Interior air pressure, oxygen, airflow

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If my home’s windows are closed and I exit a room, my pushing the door closed and letting it go prior to close won’t allow it to close from the air pressure. Yet with the window open and use of same force it slams. So clearly there’s a decent seal within my house.

That means the air conditioner would struggle without the intake where I’m changing that pesky filter every month or two always hoping it helps allergies.

So that brings me to my question. It doesn’t seem as if that intake or the vents when the HVAC is off allow for much airflow. If one was to stay in a house for too long without using the HVAC (perfect temp but maybe smoky outside so keep windows closed), would the seals that are there for insulation cause the air to get saturated with co2 from ones breathing and ultimately deplete the oxygen to a level too low to breath properly? Does enough oxygen leak inn just from the variant temp of outside and inside?

In: Physics

Yes, it’s possible to lower / deplete the levels of oxygen in a sealed room or house by just breathing, or increase the level of carbon dioxide to critical / dangerous.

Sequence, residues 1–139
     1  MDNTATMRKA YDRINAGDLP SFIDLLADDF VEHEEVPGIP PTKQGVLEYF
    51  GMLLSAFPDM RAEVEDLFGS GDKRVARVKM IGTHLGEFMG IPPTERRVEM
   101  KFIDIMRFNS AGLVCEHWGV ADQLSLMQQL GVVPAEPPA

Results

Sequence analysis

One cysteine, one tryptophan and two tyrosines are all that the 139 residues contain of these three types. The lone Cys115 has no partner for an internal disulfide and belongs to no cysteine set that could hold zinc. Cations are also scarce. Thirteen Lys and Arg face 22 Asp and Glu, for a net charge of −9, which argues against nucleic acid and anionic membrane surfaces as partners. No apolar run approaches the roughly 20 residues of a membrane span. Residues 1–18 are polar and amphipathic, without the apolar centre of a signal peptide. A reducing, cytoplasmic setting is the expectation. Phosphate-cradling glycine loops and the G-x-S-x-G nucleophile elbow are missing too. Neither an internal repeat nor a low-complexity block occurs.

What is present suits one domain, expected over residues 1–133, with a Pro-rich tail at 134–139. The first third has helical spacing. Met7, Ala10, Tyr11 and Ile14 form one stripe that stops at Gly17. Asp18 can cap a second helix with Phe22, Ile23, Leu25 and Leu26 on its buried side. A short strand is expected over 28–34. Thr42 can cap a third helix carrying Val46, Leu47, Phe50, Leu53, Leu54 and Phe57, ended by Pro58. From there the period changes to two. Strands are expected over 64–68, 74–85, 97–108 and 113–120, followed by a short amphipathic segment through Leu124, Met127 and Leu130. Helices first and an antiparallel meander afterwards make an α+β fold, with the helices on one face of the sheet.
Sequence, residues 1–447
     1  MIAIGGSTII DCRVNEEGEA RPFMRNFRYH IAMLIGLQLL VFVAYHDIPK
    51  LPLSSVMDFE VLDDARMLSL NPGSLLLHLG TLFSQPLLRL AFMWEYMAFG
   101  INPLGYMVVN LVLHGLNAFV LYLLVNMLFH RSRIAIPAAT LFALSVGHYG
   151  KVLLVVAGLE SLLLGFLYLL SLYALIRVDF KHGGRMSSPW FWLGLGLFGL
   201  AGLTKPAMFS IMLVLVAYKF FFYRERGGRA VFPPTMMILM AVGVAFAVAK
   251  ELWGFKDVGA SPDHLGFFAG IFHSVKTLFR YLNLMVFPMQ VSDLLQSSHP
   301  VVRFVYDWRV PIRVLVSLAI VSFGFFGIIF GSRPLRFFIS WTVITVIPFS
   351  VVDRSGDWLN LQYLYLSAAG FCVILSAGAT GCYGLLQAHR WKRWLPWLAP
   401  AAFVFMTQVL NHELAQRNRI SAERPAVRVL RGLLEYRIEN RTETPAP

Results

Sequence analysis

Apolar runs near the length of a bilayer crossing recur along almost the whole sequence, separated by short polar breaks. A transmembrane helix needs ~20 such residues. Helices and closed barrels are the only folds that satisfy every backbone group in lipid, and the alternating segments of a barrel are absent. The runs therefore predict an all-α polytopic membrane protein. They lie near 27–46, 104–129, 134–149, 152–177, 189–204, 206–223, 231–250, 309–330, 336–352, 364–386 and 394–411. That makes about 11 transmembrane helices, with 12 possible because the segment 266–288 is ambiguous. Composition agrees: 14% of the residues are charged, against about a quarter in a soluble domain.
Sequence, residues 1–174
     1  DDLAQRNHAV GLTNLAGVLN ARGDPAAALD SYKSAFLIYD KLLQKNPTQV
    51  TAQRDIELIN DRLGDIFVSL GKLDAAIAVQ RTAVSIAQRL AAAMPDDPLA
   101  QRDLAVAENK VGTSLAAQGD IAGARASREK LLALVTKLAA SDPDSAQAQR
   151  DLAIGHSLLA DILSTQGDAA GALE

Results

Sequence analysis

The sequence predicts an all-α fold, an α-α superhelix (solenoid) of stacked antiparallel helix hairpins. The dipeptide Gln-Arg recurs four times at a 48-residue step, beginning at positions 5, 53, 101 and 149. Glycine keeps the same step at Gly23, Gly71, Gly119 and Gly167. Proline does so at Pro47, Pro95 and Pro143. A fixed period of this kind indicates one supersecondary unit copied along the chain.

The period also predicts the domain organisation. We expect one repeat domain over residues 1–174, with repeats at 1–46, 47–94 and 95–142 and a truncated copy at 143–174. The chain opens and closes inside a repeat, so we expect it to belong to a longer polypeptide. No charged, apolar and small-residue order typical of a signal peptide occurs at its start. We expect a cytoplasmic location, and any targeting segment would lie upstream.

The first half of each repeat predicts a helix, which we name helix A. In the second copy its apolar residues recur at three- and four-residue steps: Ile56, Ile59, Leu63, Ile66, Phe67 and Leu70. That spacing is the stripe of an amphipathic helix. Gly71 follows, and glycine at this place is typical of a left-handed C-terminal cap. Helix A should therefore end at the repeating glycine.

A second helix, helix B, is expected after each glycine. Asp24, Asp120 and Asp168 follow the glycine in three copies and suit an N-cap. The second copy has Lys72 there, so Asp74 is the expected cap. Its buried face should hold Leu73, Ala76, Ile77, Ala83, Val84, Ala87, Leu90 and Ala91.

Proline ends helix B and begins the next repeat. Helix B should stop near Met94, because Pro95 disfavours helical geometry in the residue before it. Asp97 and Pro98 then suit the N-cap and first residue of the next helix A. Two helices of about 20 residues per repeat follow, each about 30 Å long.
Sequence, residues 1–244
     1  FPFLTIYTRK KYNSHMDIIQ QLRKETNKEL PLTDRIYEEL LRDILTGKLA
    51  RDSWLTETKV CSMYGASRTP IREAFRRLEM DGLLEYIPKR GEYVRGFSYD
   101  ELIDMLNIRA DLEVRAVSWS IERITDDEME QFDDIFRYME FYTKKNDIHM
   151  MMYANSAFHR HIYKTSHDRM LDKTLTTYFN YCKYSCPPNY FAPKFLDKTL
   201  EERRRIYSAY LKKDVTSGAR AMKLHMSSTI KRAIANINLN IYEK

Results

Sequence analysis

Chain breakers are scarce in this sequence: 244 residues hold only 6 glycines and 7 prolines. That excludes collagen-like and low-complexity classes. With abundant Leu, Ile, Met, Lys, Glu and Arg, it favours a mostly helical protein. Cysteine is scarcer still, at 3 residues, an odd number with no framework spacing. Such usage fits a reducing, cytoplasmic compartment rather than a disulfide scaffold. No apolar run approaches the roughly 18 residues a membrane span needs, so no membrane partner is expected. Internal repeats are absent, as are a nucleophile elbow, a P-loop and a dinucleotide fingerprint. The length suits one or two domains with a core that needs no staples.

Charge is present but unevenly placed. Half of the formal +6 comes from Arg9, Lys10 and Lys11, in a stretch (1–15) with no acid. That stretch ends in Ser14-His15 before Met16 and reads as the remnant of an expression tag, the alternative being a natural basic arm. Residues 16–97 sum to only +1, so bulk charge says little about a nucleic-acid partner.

People like to open windows to “bring in fresh air” for this reason.

Not an engineer, but I live in a decently sealed house and am fairly well versed in various sciences. I am thinking that no, it will not be an issue. No house is completely sealed. There are several factors here; there are tiny leaks throughout the house; these may be too small for air pressure to balance the inside with outside pressure when closing the door, but they’re there. Drywall is permeable. CO2 is heavy, so will fall to the floor, and will find leaks along bottom of doors, electrical outlets, under baseboards that never form a seal to the floor and which hide imperfections such as the drywall not fitting right along the floor either, etc. The volume of the house matters, as well. If you have a well sealed, but tiny house, with quite a few people, you might have an issue. Maybe. But given that you didn’t mention having half a dozen people over to your well-sealed 200 sq. ft. studio apartment, I’m guessing that’s not the situation.